The Visions of England eBook

This eBook from the Gutenberg Project consists of approximately 180 pages of information about The Visions of England.

THE VISIONS OF ENGLAND:  Seventy Lyrics on leading Men and Events in English History:  8vo. 7/6

Lyrical poems, Four Books:  Extra Fcap. 8vo. 6/-

Original hymns:  18mo. 1/6

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Poetry edited by the same

The golden treasury of English lyrical poetry:  18mo. 4/6

The children’s treasury of English lyrical poetry, with Notes and
Glossary:  18mo. 2/6.  Or in two parts, 1/- each

Shakespeare’s lyricsSongs from the plays and sonnets, with Notes:  18mo. 4/6

Selection from R. HERRICK’S lyrical poetry, with Essay and Notes:  18mo. 4/6

The poetical works of J. Keats, reprinted; literatim from the original editions, with Notes:  18mo. 4/6

Lyrical poems by lord Tennyson, selected and arranged, with Notes:  18mo. 4/6

Glen DESSERAY and other poems, by J. C. Shairp, late Principal of the United College, S. Andrews, and Professor of Poetry in the University of Oxford.  With Essay and Notes. 8vo.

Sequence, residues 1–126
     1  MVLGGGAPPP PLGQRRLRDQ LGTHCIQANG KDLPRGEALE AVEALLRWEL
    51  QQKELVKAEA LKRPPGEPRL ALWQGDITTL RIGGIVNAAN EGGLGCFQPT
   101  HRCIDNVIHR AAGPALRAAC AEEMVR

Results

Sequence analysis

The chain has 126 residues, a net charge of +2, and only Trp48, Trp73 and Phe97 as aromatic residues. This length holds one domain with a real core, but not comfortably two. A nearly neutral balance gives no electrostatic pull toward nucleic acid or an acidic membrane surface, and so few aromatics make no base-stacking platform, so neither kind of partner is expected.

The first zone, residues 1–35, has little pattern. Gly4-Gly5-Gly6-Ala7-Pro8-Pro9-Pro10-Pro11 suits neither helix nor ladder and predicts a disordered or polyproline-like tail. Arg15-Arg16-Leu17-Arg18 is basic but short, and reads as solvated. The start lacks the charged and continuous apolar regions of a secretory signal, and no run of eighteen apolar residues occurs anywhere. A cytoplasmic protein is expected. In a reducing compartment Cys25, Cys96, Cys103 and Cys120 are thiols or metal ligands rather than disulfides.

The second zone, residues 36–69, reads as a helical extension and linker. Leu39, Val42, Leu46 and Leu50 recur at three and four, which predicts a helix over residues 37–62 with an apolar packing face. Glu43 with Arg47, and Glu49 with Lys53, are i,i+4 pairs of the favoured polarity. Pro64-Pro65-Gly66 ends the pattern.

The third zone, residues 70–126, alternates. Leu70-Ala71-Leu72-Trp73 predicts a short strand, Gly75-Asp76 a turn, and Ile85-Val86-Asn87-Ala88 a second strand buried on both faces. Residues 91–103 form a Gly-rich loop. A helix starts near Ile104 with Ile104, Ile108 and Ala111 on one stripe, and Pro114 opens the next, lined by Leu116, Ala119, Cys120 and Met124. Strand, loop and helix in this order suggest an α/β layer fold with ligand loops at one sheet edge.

Messrs. MACMILLAN, Bedford St., Covent Garden

* * * * *

To be published presently

The treasury of sacred song, selected from the English Lyrical Poetry of
Four Centuries, with Notes Explanatory and Biographical

Clarendon press, Oxford
Aug. 1889


Again, on behalf of readers of this national library, I have to thank a poet of our day—­in this case the Oxford Professor of Poetry—­for joining his voice to the voices of the past through which our better life is quickened for the duties of to-day.  Not for his own verse only, but for his fine sense also of what is truest in the poets who have gone before, the name of Francis Turner Palgrave is familiar to us all.  Many a home has been made the richer for his gathering of voices of the past into a dainty “Golden Treasury of English Songs.”  Of this work of his own I may cite what was said of it in Macmillan’s Magazine for October, 1882, by a writer of high authority in English Literature, Professor A. W. Ward, of Owens College.  “A very eminent authority,” said Professor Ward, “has accorded to Mr. Palgrave’s historical insight, praise by the side of which all words of mine must be valueless,” Canon [now Bishop] Stubbs writes:—­“I do not think that there is one of the Visions which does not carry my thorough consent and sympathy all through.”

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The Visions of England from Project Gutenberg. Public domain.
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